As his national profile rose, his standing at home suffered despite having represented the state for 16 years. He didn't help himself by releasing a book the year before in which he provided his blunt assessment on a series of culture issues. It may have fired up the GOP base but it just as likely alienated independents he'd need in the general election. They also were turned off by his hardline backing of Bush, whose own standing was suffering.

Santorum's residency also was in question; he owned homes in northern Virginia and a Pittsburgh suburb.

And he irked voters by using Pennsylvania tax dollars to help pay for his children's cyber-school education while his family lived in Virginia. The suburban Pittsburgh school district he claimed as his legal residence sought to recover more than $70,000; the state finally settled the dispute by paying the district $55,000.

Many Pennsylvania voters just didn't like Santorum in 2006. He unsuccessfully ran campaign ads to soften his image, spending millions of dollars on the effort, and devoted a section of his campaign website – "I heard it around the water cooler" – to debunk perceived myths about him.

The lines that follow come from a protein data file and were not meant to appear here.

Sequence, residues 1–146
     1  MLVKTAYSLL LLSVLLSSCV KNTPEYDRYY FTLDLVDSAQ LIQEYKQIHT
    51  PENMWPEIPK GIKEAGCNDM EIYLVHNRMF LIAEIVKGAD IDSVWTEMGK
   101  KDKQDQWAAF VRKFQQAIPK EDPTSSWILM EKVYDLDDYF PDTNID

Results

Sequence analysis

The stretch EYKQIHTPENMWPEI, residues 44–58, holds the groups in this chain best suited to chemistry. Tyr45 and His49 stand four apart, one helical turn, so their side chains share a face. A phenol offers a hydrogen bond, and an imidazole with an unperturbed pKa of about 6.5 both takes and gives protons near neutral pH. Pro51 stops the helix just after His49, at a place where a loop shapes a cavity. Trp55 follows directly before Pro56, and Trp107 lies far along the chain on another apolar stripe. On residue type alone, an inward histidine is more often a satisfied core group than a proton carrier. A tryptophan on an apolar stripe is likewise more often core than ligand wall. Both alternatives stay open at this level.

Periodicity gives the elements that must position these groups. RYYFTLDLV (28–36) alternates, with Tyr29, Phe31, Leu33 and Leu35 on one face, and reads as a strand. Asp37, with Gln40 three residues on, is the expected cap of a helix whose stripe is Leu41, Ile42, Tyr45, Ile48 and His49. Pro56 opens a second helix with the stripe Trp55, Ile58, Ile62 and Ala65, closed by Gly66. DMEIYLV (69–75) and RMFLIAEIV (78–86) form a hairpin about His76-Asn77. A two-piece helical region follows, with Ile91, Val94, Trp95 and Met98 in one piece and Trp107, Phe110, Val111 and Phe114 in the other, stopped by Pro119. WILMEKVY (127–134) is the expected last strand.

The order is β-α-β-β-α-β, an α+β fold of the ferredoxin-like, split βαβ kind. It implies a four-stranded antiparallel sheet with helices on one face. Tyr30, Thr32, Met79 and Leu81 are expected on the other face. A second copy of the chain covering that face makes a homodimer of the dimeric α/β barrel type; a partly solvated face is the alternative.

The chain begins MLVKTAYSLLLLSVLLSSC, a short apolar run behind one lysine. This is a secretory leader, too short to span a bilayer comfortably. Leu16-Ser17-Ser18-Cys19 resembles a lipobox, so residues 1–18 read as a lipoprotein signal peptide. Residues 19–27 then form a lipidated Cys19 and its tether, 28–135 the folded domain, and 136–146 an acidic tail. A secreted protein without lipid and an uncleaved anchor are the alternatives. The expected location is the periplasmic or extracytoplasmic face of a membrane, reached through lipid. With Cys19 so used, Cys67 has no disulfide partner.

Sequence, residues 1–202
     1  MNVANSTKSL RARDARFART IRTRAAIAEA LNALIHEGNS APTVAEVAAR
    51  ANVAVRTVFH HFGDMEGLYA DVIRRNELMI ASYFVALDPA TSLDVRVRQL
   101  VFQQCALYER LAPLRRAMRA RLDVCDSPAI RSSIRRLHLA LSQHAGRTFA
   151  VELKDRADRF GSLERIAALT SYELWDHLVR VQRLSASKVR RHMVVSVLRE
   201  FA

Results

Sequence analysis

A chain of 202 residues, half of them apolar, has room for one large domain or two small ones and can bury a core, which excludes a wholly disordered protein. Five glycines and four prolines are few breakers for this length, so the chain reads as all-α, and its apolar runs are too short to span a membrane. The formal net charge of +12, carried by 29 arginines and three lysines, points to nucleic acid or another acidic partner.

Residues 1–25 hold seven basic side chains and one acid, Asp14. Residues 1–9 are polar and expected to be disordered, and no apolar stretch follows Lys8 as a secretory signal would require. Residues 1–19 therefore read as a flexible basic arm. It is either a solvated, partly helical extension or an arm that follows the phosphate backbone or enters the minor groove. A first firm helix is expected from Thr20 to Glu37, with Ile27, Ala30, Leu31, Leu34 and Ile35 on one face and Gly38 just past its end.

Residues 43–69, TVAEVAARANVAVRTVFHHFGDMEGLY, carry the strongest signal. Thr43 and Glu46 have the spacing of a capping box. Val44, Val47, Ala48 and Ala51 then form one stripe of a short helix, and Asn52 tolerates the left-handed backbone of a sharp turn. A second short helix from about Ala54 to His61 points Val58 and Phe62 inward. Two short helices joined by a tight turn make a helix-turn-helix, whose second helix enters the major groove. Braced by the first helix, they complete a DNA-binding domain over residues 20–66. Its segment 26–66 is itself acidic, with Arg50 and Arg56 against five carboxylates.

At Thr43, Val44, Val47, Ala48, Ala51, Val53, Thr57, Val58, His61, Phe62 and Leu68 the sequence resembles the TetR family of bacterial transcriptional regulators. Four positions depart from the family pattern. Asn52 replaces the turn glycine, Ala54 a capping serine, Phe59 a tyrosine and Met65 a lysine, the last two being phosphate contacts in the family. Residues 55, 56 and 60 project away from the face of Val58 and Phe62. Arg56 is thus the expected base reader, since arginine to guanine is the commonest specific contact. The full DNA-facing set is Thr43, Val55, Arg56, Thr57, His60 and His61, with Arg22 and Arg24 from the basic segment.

And Republicans started keeping track of what they saw as his doublespeak: talking like a conservative, but voting like a liberal. The Pittsburgh Tribune-Review, one of the state's leading conservative newspapers, seemed to have a list of such betrayals.

"Rick Santorum, the `conservative alternative'? "Hardly. He's nothing more than a bag with a hole in it," the newspaper said.

Some GOP voters also were angered by Santorum's endorsement of moderate Sen. Arlen Specter over conservative Pat Toomey in the 2004 GOP primary. (Specter jumped to the Democratic Party in 2009 and lost his primary challenge in 2010 to Rep. Joe Sestak. Toomey, in turn, defeated Sestak, by a narrow margin.)

"Let's face it," recalled Bill Green, a political analyst in Pittsburgh and old friend of Santorum. "Rick was a divisive character."

The sentiment appears to have lingered.

A recent poll by Muhlenberg College's Institute of Public Opinion found that just under half, or 49 percent, of Pennsylvania voters still have an unfavorable view of their former senator, compared to 50 percent in November 2006.

The 2006 race was pricey; more than $40 million was raised. Santorum outspent Casey by roughly $8 million – and still lost.

It was arguably the lowest point of a long political career in which he established a reputation for winning tough races.

Sixteen years before his Senate defeat, Santorum was a 32-year-old political rookie when he won his first of two House terms, upsetting a seven-term Democratic incumbent in suburban Pittsburgh with a largely shoe-leather campaign that was aided by a small army of collegiate volunteers.

In the fight for the GOP nomination, Santorum's fate will either resemble that 1990 race – or the 2006 one.

___

Associated Press writer Philip Elliott in Tampa, Fla., contributed to this report.